Kenya's minister for internal security George Saitoti, his deputy and four others were killed in a helicopter crash outside Nairobi, the government said Sunday. Saitoti was expected to run for president in next year's election.
AFP - Kenya's Internal Security Minister George Saitoti, who planned to run for the presidency next year, was killed Sunday with five others in a police helicopter crash near Nairobi, officials said.
Saitoti, a veteran politician of 66, was a key figure in his country's fight against Al-Qaeda-affiliated Shebab insurgents in neighbouring Somalia.
He died along with Joshua Orwa Ojode, the assistant minister for internal security, the two pilots -- including a woman -- and two bodyguards when the helicopter came down in the Ngong hills outside the capital.
President Mwai Kibaki and Prime Minister Raila Odinga paid tribute to Saitoti, who played a prominent role in the campaign against Somali insurgents, blamed for a series of terror attacks and kidnappings on Kenyan soil.
"The government will ensure a thorough probe" into the cause of the crash, Odinga told journalists at the crash site.
Saitoti was on his way to attend a religious ceremony in western Kenya when the Eurocopter came down in the Kibuku forest around 8:30 am (0530 GMT) shortly after taking off from Nairobi's Wilson airport.
An AFP journalist on the scene saw six bodies charred beyond recognition being removed from the wreckage. The helicopter was entirely destroyed. Wads of bank notes lay scattered at the crash site.
Investigators from the police, the Kenya Airports Authority (KAA) and the Kenya Civil Aviation Authority sealed off the scene to try and establish the cause of the accident.
"Most probably it was caused by bad weather, it was foggy at the time it went down," a police officer involved in the investigation told AFP.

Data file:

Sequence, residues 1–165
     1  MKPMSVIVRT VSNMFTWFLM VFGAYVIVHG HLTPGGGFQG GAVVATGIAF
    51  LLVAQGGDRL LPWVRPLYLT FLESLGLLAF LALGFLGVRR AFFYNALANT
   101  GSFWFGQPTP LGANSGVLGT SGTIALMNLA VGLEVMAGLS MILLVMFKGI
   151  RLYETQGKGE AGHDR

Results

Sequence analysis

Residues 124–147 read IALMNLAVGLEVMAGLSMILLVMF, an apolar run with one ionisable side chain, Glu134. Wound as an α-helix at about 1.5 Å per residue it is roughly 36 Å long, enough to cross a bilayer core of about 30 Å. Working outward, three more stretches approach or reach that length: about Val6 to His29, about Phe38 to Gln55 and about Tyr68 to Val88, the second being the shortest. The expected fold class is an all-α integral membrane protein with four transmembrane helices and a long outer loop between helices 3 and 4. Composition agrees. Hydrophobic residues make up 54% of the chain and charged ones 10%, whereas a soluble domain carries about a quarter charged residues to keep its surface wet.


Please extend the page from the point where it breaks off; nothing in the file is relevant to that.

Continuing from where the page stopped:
Another police source said Kenya had acquired the aircraft, which was fitted with state-of-the-art equipment, just five months ago.
A witness at the scene described the helicopter as having "hovered up there and looked like it was turning back" before coming down.
Another witness, farmer Ole Tolei, told AFP that he had seen the aircraft "flying very low. It came down suddenly and we heard a loud explosion, and then it burst into flames."
Saitoti's ministerial role meant he controlled the state's top investigative arms, the National Security Intelligence Service and the Criminal Investigation Department.
Kenya sent thousands of troops into southern Somalia in October last year to fight the Shebab and protect its border. It was Saitoti who made the first public announcement of the invasion, a full two days after Kenyan troops crossed the border.
The Kenyan force has since been joined by Ethiopia in a bid to rout the Islamist group from their strongholds in the south and centre of the country.
Since Kenyan troops entered Somalia, several people have been killed in a series of bomb attacks in border areas, and a bomb in a Nairobi shopping centre last month wounded 38 people.
But Saitoti declared recently that the government would not be cowed by "terrorists".
Saitoti had announced that he was standing as a candidate to succeed Kibaki in the 2013 presidential election.
On Sunday, Kibaki paid tribute to those killed.
The deaths were "a devastating loss to our country," he said in a statement.
"Minister Saitoti will forever be remembered as a hardworking and determined public servant who dedicated his time to the service of the Kenyan people," he said.
Saitoti had also served as finance minister and he was vice-president in the administration of Daniel Arap Moi from 1989-1997 and again from 1999-2002.
He jumped ship ahead of the 2002 elections to join the opposition camp led by Mwai Kibaki after Moi, constitutionally barred from standing again, chose the then little-known Uhuru Kenyatta, the son of Kenya's founding father, as his successor.